Photo from Dave Berdan
On Saturday November 23 at Tom Sawyer Park in Louisville, KY, Patrick Watson did the same thing he had done all season long: win a race. In fact, Watson had only lost one race all season back in August. While he had already won his first career MAC and DIII Mideast regional titles, this one was different. As Watson crossed the line six seconds clear of the field, he was crowned the 2019 NCAA DIII national champion.
Watson hadn't always been in the conversation of top runners in the DIII landscape during his time at Stevenson. His high school times (16:06 5K, 10:09 3200) hardly hinted at the potential he would uncover over four years at Stevenson. He didn't qualify for the national meet until his sophomore year, and didn't break 25 minutes in the 8k until the final race of his junior season. His final cross country season as a Mustang, however, was just about as good as it gets. We talked to him about his title, his season and his journey to the top.
MileSplit: It's now been a week since you were crowned the national champion. Has it really started to settle in your mind at this point? Has your self-image or outlook on the sport changed because of it?
Patrick Watson: Yeah, it has started to set in, although I still don't believe it at some points. It was a relief at the end [of the race] because I had played it over in my head a million times beforehand so it was great that my vision of the race became reality. It really hasn't changed my outlook on the sport other than the fact that I know I can handle pretty much whatever is thrown at me. This race was a huge boost of confidence because I feel like I can run any race plan in any conditions.
MS: What was the race plan heading into the meet? You hadn't lost a race since late August - was that streak a source of confidence? Did anything about your strategy change due to the competitive field or the conditions at last week's race?
PW: My coach and I had talked about making a move at three miles if I felt good. My coach and I both believed that I could be the one to make the move and run away from the field. When I saw the conditions I thought the race plan would change, and I went into the race basically feeling it out and making a move when I felt comfortable doing so. It happened to be that I stuck to the original race plan and made my move at the three mile mark and just went with it and wasn't challenged again.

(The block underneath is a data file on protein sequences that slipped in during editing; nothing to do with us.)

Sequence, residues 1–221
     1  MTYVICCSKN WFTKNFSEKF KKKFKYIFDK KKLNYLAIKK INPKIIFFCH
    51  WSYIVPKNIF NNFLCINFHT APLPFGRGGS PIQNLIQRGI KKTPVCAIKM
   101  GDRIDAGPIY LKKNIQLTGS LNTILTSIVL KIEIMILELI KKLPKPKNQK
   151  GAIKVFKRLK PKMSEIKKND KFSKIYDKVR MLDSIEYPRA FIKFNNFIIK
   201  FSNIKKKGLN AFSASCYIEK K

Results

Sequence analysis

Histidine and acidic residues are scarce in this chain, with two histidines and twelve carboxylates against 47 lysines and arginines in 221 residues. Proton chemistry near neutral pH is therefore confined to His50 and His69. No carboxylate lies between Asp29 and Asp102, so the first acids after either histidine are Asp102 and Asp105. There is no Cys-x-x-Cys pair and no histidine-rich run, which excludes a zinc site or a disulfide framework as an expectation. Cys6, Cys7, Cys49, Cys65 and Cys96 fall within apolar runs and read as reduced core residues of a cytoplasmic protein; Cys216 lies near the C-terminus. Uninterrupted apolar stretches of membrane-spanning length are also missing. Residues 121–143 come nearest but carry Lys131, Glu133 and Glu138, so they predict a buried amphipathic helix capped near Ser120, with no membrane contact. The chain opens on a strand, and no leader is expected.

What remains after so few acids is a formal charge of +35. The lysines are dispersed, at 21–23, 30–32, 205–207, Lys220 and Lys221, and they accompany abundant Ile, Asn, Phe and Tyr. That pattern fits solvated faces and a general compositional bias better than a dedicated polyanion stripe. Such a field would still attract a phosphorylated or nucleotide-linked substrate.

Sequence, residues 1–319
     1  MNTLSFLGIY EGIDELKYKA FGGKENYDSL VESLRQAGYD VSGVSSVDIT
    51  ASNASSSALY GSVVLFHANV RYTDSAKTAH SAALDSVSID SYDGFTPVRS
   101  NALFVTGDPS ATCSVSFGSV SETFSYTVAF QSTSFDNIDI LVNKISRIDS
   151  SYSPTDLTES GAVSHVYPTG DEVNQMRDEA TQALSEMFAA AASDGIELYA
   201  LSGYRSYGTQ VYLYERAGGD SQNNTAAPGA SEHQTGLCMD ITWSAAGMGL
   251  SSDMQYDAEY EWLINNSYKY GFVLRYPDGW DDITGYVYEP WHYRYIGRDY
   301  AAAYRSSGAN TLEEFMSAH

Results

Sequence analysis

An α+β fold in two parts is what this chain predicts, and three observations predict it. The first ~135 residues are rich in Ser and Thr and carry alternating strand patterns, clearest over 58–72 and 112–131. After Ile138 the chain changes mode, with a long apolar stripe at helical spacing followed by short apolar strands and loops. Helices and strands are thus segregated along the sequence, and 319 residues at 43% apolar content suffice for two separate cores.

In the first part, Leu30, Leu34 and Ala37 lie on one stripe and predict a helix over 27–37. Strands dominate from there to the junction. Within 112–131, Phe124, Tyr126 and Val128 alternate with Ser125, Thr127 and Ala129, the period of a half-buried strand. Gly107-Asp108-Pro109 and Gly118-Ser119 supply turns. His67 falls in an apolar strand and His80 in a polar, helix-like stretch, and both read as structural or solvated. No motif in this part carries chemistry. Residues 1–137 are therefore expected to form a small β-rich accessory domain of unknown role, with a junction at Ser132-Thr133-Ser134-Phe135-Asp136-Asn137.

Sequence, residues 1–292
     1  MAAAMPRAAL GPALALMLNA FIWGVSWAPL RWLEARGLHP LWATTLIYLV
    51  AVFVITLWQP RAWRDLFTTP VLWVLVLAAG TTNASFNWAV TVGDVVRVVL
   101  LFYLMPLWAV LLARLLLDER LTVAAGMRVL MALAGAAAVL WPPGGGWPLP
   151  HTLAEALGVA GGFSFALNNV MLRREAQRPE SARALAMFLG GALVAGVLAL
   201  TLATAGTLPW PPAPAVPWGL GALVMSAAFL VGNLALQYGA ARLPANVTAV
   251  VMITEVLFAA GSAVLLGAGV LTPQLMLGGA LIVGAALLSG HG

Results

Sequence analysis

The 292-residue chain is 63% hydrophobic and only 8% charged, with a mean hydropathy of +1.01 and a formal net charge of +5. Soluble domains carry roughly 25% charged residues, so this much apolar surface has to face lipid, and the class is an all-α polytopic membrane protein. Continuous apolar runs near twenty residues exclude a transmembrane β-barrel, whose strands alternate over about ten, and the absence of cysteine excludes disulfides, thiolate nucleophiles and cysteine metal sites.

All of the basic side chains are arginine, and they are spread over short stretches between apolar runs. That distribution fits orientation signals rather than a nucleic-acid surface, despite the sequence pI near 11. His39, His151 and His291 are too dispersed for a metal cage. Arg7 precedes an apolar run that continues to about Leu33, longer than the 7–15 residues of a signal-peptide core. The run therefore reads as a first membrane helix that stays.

My races this season absolutely gave me confidence. Every race I ran [with] a different race plan to prepare for anything at the national championships, and this really prepared me well. Also, racing against some of the other top-ranked guys gave me confidence that I could run with anyone in the nation and come out on top as long as I was there when the move was made.
MS: What was the feeling like after you made your move at three miles? Were you expecting someone to challenge you for the lead again? How close were you to the finish when you realized that nobody was going to catch you?
PW: I felt really strong and confident when I made the move. I knew that if someone came with me they were going to have to run really hard to stay with me. I was kind of expecting at least one guy to come with me, but if I got a little gap on them to run really hard so I could make the gap large as quickly as possible and make it hard for the others to try and make up ground on me. At about 7k I knew I had it because I had about 50 meters on second place, so I gave one last push to secure the win and kind of just enjoyed the moment coming down the stretch.
MS: Those final moments down the stretch - how long ago had you started to visualize that moment? This season? This past summer? Last year, after finishing 15th at nationals?
PW: I'd say I've been visualizing winning for a year now (since last year's nationals), but that particular setting with those guys - I had been visualizing that straightaway since at least the summer. It kept me motivated on the hard days of training alone.
Photo from Dave Berdan
MS: So you came into the summer knowing you wanted to become a national champion this fall. Did you change anything, either physically or mentally, from past summers? How did you collaborate with your coaches and/or teammates to try and reach that next level?
PW: I did a lot of training alone, which was very tough at points, but also prepared me to race along in some sense. I went into this summer way more serious and made a full commitment to the training. My coach was a huge part of my success and his training over the past four years had prepared me for [nationals].
MS: Did the increased focus on summer training pay off immediately coming into the fall season? Were you able to notice that you felt different than you had entering past cross country seasons?
PW: I came in with not only a lot of confidence but a lot of fitness and that really became noticeable early in the season. All I wanted to do was race to see where I truly was, fitness-wise.
MS: Which race would you say, during the season, was your best performance? Did you surprise yourself by consistently running in the mid-24s after consistently running between 25:30 and 26:30 last year? Did it take time to adjust to racing and training at a completely new level?